LIST Warns of Climate Change Threat to Biodiversity

The Luxembourg Institute of Science and Technology (LIST) recently published a report based on recent research, according to which climate change could become the main driver of biodiversity by the middle of the century and stressing that current policies are insufficient to safeguard biodiversity considering international biodiversity goals.

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Publication date : 04/26/2024


According to the large multi-model study published in Science on Friday 26 April 2024, global biodiversity may have declined between 2% and 11% during the 20th century due to human-induced land-use change alone. Projections showed that climate change could become the main driver of biodiversity decline by the mid-21st century, LIST emphasised.

Led by the German Centre for Integrative Biodiversity Research (iDiv) and the Martin Luther University Halle-Wittenberg (MLU), this analysis is the largest biodiversity and ecosystem services modelling study of its kind to date. Researchers compared no less than thirteen models for assessing the impact of both land-use change and climate change on four distinct biodiversity metrics, as well as on nine ecosystem services.

Nicolas Titeux, head of LIST’s Observatory for Climate, Environment and Biodiversity, played an active part in this pioneering research, which calls for renewed policy efforts to meet international biodiversity goals. He shared his knowledge of the relative roles of direct drivers of biodiversity change and the way they are integrated into large-scale models. He also ensured that the outcomes of this international collaboration were reflected in the Global Assessment Report of the Intergovernmental Platform on Biodiversity and Ecosystem Services (IPBES).

Global biodiversity may have declined by 2% to 11% due to land-use change alone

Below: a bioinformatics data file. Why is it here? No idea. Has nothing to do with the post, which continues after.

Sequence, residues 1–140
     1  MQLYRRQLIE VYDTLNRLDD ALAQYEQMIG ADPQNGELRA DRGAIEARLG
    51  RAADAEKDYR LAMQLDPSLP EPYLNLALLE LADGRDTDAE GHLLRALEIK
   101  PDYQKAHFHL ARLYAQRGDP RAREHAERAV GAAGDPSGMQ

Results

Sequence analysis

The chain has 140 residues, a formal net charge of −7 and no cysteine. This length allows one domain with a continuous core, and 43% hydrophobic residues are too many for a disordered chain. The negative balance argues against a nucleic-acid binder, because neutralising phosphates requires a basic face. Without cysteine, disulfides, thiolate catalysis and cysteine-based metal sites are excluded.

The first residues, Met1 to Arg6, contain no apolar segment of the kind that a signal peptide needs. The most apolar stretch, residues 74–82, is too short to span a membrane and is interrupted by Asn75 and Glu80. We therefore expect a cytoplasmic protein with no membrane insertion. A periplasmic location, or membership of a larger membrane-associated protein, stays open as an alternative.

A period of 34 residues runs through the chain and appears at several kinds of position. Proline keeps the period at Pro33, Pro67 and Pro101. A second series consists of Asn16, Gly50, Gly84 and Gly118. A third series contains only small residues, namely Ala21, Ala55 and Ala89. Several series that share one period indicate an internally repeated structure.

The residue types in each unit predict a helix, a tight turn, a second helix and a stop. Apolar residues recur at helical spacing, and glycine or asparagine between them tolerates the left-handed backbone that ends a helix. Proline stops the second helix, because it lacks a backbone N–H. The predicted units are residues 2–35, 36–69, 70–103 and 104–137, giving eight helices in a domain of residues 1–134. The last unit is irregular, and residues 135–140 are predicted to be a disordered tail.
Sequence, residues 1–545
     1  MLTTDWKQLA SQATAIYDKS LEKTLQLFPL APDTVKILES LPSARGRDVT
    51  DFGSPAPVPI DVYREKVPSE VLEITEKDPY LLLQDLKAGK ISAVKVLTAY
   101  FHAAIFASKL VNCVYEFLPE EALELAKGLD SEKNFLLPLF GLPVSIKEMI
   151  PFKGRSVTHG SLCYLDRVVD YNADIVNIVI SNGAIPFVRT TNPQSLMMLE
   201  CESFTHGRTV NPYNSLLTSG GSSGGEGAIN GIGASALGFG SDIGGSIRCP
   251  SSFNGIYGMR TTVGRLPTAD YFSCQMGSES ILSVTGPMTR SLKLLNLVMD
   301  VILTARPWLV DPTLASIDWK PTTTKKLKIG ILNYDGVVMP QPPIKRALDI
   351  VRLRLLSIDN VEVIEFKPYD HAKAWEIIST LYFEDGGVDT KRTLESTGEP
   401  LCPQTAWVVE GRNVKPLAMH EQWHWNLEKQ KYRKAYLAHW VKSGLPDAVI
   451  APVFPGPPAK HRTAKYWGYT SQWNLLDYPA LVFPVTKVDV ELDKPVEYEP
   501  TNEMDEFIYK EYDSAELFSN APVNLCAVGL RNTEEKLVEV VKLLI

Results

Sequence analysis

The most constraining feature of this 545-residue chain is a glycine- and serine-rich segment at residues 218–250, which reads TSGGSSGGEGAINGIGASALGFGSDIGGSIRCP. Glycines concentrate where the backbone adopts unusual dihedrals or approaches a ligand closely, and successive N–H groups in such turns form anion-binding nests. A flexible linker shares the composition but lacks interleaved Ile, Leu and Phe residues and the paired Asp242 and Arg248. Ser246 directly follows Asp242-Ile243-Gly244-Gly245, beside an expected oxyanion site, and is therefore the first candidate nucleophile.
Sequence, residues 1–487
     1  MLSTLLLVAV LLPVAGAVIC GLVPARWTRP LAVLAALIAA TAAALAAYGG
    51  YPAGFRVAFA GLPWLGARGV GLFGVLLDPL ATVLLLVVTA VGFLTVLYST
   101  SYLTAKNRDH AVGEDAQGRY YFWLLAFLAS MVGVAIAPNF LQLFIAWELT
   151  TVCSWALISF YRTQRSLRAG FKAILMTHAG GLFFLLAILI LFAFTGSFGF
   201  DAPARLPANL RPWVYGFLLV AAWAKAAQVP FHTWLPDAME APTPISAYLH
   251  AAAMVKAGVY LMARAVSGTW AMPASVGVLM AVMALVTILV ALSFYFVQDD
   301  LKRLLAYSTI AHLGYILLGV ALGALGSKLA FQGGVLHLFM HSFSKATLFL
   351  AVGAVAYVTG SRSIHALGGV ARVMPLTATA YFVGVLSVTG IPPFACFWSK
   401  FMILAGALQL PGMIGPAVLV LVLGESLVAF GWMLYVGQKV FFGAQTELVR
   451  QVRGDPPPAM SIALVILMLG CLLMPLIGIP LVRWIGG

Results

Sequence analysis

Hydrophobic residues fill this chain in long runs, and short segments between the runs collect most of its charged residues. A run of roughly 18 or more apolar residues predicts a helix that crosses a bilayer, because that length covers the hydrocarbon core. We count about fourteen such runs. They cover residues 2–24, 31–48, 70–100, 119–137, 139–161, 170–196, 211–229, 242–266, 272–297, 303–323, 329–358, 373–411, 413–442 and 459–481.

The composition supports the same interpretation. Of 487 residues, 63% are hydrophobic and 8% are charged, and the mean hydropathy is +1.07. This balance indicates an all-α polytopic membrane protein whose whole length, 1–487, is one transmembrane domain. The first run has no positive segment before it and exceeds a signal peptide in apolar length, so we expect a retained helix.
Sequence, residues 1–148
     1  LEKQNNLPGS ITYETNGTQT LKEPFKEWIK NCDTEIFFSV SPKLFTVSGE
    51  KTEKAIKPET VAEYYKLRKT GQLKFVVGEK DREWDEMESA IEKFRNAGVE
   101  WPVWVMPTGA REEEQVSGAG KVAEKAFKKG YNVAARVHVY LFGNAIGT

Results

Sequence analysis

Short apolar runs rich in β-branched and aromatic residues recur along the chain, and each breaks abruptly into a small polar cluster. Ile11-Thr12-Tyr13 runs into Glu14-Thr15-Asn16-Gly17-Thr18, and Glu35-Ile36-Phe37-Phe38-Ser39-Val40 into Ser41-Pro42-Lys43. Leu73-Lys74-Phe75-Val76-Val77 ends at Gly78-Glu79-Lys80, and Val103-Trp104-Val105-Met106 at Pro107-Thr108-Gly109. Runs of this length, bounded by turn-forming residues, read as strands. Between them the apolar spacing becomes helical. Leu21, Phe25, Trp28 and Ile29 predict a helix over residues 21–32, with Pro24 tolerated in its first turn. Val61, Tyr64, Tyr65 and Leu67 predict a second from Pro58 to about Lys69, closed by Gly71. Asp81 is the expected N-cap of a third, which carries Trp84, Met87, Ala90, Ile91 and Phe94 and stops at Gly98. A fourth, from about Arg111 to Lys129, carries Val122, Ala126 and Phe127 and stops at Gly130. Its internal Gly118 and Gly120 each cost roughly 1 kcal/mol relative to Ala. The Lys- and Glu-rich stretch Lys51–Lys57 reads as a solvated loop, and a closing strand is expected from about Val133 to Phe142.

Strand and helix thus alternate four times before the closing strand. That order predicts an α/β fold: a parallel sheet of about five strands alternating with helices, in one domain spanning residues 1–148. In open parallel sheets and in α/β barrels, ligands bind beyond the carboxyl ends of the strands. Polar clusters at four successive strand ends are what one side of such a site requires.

Land-use change, or man-made alterations to land and its associated ecosystems, is considered the largest driver of biodiversity change, according to the IPBES. However, scientists are divided on the extent to which biodiversity has changed in recent decades. To better answer this question, the researchers modelled the impacts of land-use change on biodiversity throughout the 20th century.

Based on historical reconstructions, they found that global biodiversity may have declined by 2% to 11% due to land-use change alone. This span covers four biodiversity metrics calculated by seven different models. More precisely, the scientists considered the global and local species richness (i.e. the number of species according to a defined scale), the mean species habitat extent and the biodiversity intactness (i.e. how much of an ecosystem's natural biodiversity remains despite human impacts), LIST added.

Researchers used five different models to see how changes in how we use land affect the services nature provides humans, such as food and timber. They found that in the last century, we harvested a lot more from nature, but at the cost of the destabilisation of pollination, nitrogen retention and keeping carbon in check, which declined “moderately”.